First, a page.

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A miserly outlook for franking credits

As published on Livewire Markets, 14 July 2020

While all eyes have been focussed on falling dividends this year, there has been little discussion around the negative impact this will have on the franking credit benefits that are attached to these Australian yields.

Franking credits provide an important source of cash return to many eligible investors, on average accounting for around 1.65% of total return over the past 5 years.

Investors would have been particularly pleased with calendar 2019, a bumper year for franking credits with nearly 2% returned as companies boosted dividend payments ahead of the Federal election. Franking credits are calculated and paid on a fiscal year basis, however analysis of the calendar year is useful to provide some guidance on where franking credit returns are likely to head in the future.

A more miserly 2020 for franking credits

On this basis, returns from franking credits this year are likely to be far more miserly than 2019. We estimate that the calendar year to date contribution from cash dividends to shareholder return has fallen by over 40% for the 8 months to 31 August 2020, from the prior equivalent period.

Given the magnitude of the fall, a decline in franking credits is no doubt also expected. On our estimates, returns from franking credits this calendar year have only totalled 0.67% versus the 1.45% generated at the same point last year, with the percentage decline more than matching the decline in cash dividends.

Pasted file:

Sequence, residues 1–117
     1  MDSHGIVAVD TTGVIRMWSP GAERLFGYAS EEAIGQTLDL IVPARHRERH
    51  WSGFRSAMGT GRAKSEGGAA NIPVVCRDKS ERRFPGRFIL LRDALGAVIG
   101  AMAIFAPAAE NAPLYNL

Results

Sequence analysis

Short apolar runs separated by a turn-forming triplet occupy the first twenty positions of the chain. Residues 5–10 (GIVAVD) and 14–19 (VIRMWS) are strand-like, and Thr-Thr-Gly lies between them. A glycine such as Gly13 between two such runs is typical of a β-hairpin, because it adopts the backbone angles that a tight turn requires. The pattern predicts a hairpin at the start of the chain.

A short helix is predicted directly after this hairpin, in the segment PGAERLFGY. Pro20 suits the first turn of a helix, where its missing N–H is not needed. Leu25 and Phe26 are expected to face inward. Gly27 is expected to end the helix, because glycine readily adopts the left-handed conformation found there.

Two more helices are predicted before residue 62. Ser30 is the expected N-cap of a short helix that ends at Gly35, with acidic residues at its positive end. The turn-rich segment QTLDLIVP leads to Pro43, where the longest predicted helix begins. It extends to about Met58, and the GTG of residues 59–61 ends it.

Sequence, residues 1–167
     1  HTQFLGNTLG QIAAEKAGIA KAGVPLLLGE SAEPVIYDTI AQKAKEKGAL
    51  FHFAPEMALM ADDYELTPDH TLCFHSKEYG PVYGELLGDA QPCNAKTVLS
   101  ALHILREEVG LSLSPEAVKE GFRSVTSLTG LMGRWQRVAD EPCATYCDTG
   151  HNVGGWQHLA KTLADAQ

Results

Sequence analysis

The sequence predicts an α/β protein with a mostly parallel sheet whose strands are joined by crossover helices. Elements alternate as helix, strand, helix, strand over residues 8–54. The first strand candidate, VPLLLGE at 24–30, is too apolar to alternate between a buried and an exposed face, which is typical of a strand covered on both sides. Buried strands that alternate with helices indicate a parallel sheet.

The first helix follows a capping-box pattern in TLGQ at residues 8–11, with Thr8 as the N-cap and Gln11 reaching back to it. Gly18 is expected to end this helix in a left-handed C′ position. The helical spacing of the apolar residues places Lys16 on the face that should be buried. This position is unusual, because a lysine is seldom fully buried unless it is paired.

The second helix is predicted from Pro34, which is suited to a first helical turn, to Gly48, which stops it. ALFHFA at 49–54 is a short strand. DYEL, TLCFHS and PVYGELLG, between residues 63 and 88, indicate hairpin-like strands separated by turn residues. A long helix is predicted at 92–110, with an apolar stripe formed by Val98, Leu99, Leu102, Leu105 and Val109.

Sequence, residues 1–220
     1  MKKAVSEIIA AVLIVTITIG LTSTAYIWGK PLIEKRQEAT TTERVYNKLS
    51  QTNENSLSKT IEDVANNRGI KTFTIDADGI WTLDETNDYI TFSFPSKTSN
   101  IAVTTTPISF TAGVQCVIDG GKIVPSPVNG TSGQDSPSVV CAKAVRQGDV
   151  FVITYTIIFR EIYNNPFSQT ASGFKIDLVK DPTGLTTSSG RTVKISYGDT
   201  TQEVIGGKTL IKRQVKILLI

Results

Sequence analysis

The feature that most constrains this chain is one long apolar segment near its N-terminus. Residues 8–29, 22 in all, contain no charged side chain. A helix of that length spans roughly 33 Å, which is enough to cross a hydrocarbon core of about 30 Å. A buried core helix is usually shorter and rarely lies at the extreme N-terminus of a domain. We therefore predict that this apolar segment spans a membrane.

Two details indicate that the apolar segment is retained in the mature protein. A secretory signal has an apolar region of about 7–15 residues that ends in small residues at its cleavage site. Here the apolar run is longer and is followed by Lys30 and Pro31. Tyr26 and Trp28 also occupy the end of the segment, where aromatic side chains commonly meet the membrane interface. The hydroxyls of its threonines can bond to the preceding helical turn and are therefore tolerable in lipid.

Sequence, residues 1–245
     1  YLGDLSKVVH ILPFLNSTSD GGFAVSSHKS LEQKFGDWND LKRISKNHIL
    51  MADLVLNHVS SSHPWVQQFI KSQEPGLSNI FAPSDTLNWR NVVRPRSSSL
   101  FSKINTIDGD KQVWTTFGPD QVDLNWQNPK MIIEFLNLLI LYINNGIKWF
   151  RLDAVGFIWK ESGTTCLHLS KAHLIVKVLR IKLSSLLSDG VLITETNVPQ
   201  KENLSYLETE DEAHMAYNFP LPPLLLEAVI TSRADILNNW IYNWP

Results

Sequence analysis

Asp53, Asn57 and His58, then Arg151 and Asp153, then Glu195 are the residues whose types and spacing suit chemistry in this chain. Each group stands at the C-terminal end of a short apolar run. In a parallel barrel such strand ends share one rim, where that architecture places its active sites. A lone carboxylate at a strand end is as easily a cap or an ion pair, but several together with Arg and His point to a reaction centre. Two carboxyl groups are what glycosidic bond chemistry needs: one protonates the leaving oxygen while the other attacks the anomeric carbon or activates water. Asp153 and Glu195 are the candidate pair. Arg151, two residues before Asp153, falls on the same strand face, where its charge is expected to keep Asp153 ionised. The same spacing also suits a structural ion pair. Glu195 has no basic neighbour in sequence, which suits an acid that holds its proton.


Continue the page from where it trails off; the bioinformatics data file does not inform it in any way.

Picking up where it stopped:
The marked decline in franking benefits corresponds with the fact that the largest cuts to dollar dividends have been made to previously fully franked dividends, for the most part. The major cuts to bank dividends, which are all fully franked (except ANZ), in addition to the withdrawal of special dividends from BHP and RIO have all contributed to the material ‘shrinkage’ of the franking credit pool in 2020.

As these 6 stocks accounted for over 43% of the total cash dividend on the ASX200 in the past 12 months, and they were mostly all fully franked, the pool of fully franked dividends has declined more than the broader cash dividend generated by the ASX200 in percentage terms (as the broader index includes many stocks with partial or no franking credits attached, that did not see the same quantum of declines).

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